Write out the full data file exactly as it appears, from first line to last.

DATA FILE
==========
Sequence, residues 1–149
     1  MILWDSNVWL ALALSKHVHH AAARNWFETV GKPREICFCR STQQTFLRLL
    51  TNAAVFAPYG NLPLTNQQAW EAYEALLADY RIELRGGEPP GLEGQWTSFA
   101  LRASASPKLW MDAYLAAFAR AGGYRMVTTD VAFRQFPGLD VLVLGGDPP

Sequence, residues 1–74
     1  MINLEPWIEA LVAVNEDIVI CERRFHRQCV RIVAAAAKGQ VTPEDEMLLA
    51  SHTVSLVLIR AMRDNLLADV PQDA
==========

Sequence, residues 1–149
     1  MILWDSNVWL ALALSKHVHH AAARNWFETV GKPREICFCR STQQTFLRLL
    51  TNAAVFAPYG NLPLTNQQAW EAYEALLADY RIELRGGEPP GLEGQWTSFA
   101  LRASASPKLW MDAYLAAFAR AGGYRMVTTD VAFRQFPGLD VLVLGGDPP

Sequence, residues 1–74
     1  MINLEPWIEA LVAVNEDIVI CERRFHRQCV RIVAAAAKGQ VTPEDEMLLA
    51  SHTVSLVLIR AMRDNLLADV PQDA